Listen up Brooklyn, it’s time to get ready
for the "John Cougarstein and Friends Happy Happy Smile
Hour and a Half," a variety show that is returning to the
Brooklyn Lyceum on March 23 and which promises to serve up a
hearty brew of comedy - including stand-up, sketch comedy and
Cougarstein’s own brand of musical satire.
Cougarstein, the founder and virtual emcee of this comedy festival, assures us that this 90 minutes will entertain.
"There’s so many different kinds of comedy on tap, someone’s bound not to suck," said the host from Park Slope. For those of us who may consider staying in and watching TV, Cougarstein assures us that the show is "more entertaining than ’Cops’."
Cougarstein himself has been called "a laugh out loud riot" by Zeb & Jen of KKSM-FM in San Diego. Others have gushed that Cougarstein has - or will soon - ascend to Weird Al Yankovic’s throne as the "King of Musical Comedy."
The show begins at 8 pm when the house band, The Prawns, take the stage. The band plays the "Happy Happy Smile Hour and a Half" theme song and introduces our host. Cougarstein will play a couple of songs (most likely culled from his 2000 debut album, "S.U.C.K in the U.S.A.") and then introduce each of the acts. The various acts will perform their sets and then sit down for an enlightening and hopefully entertaining interview with our host.
At this point, the Prawns are usually heckling.
Every night of the Happy Happy Smile Hour and a Half is different but at the March 23 show, I’m most looking forward to the performance of "Junior or Senior?" which Cougarstein describes as "everyone’s favorite George Bush trivia game show." The other performers are Smile Hour regulars, "The Original Czars of Russian Comedy" - Alexander Pierre Luboknovich and Nicholas "The Great" Stravinsky, former rivals in Russia who have now teamed up in Brooklyn, and guests, the Mellow Yellow Theatre Company, current "Saturday Night Live" writer Charlie Grandy, poet Jamie Ansley, singer-songwriter Amanda Kaletsky and comedian Marina Franklin.
Cougarstein began his career as a solo artist, recording "S.U.C.K. in the U.S.A." (Presumably his name and the title of his album are a spoof on John Cougar Mellencamp’s "R.O.C.K. in the U.S.A") in his former home studio in San Francisco. Since moving to Brooklyn, he has performed solo in a number of Manhattan clubs including ACME Underground and Kenny’s Castaways. The record was written and produced by Cougarstein, who also played all of the instruments.
The album is raw, filled with musical parodies of songs such as "Livin’ la Vida Loca" (which becomes the meditation anthem, "Livin’ like Deepak Chopra") and Radiohead’s "Freak." Cougarstein’s "Gleek" is an opus to the blue monkey pet of The Wonder Twins on the old "Superfriends" cartoon. Cougarstein describes a monkey who was not himself a superhero and at the same time, "captures the aspirations and insecurities in all of us."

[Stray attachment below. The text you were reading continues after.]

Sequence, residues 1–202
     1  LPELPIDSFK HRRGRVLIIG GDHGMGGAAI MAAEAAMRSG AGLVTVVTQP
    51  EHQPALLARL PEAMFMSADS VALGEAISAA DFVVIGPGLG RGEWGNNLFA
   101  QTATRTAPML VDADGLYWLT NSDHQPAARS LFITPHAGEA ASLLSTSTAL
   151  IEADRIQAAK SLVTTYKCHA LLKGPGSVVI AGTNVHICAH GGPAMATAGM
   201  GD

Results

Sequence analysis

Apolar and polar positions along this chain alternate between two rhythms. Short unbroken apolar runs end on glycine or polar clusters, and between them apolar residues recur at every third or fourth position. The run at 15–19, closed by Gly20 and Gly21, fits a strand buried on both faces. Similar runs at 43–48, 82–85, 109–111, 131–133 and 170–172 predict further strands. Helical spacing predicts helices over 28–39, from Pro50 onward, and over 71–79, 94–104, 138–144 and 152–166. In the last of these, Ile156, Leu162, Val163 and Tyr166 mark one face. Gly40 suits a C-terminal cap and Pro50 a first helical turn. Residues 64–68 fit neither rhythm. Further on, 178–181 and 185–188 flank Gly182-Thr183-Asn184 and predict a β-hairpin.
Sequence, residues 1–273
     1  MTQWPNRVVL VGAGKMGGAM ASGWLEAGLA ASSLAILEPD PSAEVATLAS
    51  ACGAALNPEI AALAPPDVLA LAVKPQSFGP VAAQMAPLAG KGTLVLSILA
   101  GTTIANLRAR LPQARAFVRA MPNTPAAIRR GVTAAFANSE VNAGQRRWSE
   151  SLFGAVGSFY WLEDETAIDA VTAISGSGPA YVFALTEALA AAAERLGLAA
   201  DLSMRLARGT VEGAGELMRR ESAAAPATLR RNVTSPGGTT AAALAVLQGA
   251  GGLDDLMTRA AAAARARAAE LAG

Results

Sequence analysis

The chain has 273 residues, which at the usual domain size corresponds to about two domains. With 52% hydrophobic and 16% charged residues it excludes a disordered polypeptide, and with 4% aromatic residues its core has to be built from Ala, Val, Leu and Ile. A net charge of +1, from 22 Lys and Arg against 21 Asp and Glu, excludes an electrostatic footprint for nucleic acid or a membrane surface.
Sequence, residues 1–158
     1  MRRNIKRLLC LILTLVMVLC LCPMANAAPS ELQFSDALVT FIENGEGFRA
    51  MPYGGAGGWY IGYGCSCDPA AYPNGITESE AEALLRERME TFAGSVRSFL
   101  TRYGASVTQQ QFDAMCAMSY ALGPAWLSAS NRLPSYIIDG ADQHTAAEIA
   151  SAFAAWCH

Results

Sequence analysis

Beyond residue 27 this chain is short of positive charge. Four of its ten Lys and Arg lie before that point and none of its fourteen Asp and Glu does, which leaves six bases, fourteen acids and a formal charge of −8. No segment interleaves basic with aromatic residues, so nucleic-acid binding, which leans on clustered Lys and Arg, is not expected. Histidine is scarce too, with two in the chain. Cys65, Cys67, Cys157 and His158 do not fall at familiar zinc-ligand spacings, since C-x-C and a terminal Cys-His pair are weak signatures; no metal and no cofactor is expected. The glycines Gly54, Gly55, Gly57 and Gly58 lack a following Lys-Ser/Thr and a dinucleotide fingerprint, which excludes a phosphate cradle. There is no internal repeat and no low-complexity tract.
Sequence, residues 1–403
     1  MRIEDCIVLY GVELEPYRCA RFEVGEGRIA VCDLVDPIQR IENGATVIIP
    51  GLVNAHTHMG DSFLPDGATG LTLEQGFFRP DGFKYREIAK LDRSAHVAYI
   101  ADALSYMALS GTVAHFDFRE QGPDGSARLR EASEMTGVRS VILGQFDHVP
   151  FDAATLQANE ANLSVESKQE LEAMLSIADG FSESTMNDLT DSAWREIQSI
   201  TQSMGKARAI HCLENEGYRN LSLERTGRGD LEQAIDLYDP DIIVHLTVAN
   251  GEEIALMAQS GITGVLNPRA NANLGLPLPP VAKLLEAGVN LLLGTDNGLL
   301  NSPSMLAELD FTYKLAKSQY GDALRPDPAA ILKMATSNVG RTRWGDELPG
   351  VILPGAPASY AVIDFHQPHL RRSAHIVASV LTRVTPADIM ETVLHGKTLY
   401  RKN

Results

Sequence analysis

The gem of "S.U.C.K." is Cougarstein’s parody of The Cranberries’ song "Zombie" (which becomes a tribute to Fonzie of "Happy Days"). "Fonzie is a hero to all funny-looking, short Jewish guys who dream about sleeping with infinite numbers of women and fixing appliances without having to call a repairman," he said.
Cougarstein is currently working on a follow-up to "S.U.C.K.," which will hopefully contain the enigmatic "S.U.V." - a take-off on Tracy Chapman’s "Fast Car."
On a personal note, Cougarstein says his favorite thing about Brooklyn is the chocolate croissant at Cake Man Raven’s Confectionary in Fort Greene. ("S.U.C.K." contains an ode to chocolate croissants.) His least favorite thing is the "incredibly poor signage at Prospect Park." (I passed that complaint along to Mayor Bloomberg.)
Finally, asked whether he finds Al Yankovic weird, Cougarstein says, "According to Webster’s, the primary definition of ’weird’ is ’of, relating to, or caused by witchcraft or the supernatural: MAGICAL.’ So the answer is obviously, yes." Given that definition, we can all start calling him Weird John Cougarstein.
Adam Stengel is a singer-songwriter who has produced an album titled "Train of Thought." He is also a Manhattan-based music attorney.
The "John Cougarstein and Friends Happy Happy Smile Hour and a Half," a variety show, returns to the Brooklyn Lyceum on March 23 at 8 pm. The Brooklyn Lyceum is located at 227 Fourth Ave. at President Street. There is a $10 cover charge. More information can be found at www.cougarstein.com or call (718) 857-4816. "S.U.C.K. in the U.S.A." (Authority Always Wins Records, $10) can be purchased at the show.
©2002 Community News Group
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